Thanks for the post Stephen. I appreciate the multicultural perspective.
I don’t think having “doubts” is necessary, could it be a choice? I don’t know the answer, just wondering out loud.
Thanks for the story Stephen. I also met some Messianic Jews while attending my last Branch in the heart of hasidic Brooklyn. They would just walk into our meetings and start participating – then leave. Like you, I found it surprisingly comforting to meet people so devout in their faith and culture but still inwardly doubting and questioning.
I wish that more people were as accepting of the Jewish faith as you are. Yasher Koach, and Shabbat Shalom from California!!!
It is pretty normal in the Jewish culture to have questions. With questions (maybe, you can call them doubts) come answers. The entire Torah Commentary, The Talmud is made up of questions and answers. Sometimes heated discussions and disagreement.
In fact, many Christians mistake the confrontations with Jesus by various Pharisees, scribes and whatnot in the Gospel as this strange, challenging, disrespectful behavior. I see it as pretty normal behavior and part of the process of determining what one believes and how they arrived at that belief.
I think that Jello brand is Kosher, but not all “gelatins” are, in fact. Many are derived from pork products.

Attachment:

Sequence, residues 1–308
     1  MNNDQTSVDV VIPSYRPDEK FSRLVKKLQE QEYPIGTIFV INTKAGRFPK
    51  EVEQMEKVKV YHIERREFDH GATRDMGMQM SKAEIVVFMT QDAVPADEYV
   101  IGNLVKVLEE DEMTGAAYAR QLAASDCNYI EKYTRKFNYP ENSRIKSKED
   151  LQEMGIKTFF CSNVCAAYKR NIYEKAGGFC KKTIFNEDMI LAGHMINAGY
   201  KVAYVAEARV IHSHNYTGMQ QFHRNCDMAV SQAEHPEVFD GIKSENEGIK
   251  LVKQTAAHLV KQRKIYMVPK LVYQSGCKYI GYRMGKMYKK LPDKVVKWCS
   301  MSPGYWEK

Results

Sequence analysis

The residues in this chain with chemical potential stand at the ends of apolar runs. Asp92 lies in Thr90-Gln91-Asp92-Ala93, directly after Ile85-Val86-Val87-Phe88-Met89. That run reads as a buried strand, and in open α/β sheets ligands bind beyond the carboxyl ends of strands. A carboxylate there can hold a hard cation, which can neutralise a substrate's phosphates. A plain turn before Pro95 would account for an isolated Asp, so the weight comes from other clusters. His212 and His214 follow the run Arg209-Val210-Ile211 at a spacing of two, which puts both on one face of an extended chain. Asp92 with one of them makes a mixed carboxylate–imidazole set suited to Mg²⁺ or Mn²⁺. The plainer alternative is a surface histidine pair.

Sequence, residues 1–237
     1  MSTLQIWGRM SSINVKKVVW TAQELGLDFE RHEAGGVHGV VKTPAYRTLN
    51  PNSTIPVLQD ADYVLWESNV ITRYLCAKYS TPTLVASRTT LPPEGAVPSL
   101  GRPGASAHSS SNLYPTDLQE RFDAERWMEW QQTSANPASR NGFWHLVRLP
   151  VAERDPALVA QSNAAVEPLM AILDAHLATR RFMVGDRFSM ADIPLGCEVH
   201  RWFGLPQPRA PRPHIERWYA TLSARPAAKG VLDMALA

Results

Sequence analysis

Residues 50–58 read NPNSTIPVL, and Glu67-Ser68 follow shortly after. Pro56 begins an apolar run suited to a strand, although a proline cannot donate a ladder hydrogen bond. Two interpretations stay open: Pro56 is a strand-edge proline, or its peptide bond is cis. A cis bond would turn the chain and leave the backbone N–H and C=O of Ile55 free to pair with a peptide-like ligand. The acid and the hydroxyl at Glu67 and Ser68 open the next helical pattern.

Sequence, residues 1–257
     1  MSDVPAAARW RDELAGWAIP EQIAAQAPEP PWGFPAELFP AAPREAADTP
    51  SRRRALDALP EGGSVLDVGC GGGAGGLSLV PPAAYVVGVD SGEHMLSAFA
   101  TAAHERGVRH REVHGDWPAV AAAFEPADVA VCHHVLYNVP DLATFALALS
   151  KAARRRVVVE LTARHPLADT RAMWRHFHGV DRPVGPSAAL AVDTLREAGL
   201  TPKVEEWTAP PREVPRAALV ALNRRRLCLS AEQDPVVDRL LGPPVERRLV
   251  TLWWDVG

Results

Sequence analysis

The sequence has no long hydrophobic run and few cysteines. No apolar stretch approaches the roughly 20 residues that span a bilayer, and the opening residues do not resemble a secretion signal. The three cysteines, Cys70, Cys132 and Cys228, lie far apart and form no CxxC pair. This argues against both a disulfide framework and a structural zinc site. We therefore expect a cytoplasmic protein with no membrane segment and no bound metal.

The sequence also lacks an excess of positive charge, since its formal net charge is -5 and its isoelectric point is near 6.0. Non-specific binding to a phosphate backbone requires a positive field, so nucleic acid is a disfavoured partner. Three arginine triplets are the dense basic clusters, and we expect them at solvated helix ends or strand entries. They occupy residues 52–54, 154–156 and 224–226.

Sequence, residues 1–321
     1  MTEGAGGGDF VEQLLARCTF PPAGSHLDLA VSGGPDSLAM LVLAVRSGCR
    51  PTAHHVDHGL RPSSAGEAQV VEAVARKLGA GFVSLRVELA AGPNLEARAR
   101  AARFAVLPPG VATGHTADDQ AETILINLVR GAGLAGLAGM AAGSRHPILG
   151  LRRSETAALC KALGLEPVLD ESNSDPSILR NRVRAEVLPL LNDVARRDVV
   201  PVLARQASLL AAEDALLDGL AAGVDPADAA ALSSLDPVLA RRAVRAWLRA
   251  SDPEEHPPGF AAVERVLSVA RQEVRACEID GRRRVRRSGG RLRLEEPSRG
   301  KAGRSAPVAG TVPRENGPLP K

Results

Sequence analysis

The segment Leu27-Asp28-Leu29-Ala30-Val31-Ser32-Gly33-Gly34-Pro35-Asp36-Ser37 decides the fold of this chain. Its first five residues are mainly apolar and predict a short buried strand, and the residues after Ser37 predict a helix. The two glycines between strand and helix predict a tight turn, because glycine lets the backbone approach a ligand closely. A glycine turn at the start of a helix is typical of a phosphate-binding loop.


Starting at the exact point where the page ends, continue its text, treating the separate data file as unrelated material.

Glad you had a great experience!
I enjoyed reading about this experience. My attempts to post have lately been thwarted, so I will keep it short and see if this one makes it.
Rigel – looks like you’re in!
Actually, if your friend keeps kosher, it’s likely that he couldn’t eat anything that you could bring. It’s not just a matter of the food you eat–it has to do with combinations and even preparation. The previous tenants in my apartment were Orthodox; we’ve got a couple cabinets, and one has a “Meat” sticker on it, while the other has a “Dairy” sticker. Basically, as I understand it, not only do you not mix milk and meat–you have a separate set of pots and pans for your milk and your meat dishes. It is impressive to me what faithful people do to establish their relationship with God (my people included).
Sam B. is right. Things must be prepared in a Kosher kitchen. The separate dishes and pots and pans also applies to Passover, when another two sets of everything are supposed to be used.
Another interesting thing is that Steve used the word “Shabbos” which is an Ashkenazi Hebrew pronunciation. the letter Tav without the dot in the middle is pronounced “s”. In the Sephardi, it is pronounced t same as the Tav with the dot, which is called a Dagesh.
The Ashkenazi were European Jews while the Sephardi are Spanish and southern European and African Jews.
WOW…you guys no so much. I am still learning and love listening to it all. There is so much to take in. Did you celebrate passover Jeff?
Sam has seen the comments and he is quite chuffed with the readership here and knowledge that people have.
We had a mini-passover, not much ceremony, but heavy on the food. And we had a lamb, which Jews do not eat during passover.
Stephen Wellington: Whoa, “chuffed” is a new one for me. So, I looked it up, and it can either mean:
chuffed1 –adjective British Informal. delighted; pleased; satisfied. OR
chuffed2 –adjective British Informal. annoyed; displeased; disgruntled.
So, is it really used both ways to mean opposite things? I assume you meant the positive version or you would not have shared his comment, right?
lol….I have never heard of it in the negative so you are right to assume I mean that I am delighted. 🙂 Ask Andrew Ainsworth about the new word I taught him recently. A bit rude but quintessentially British. lol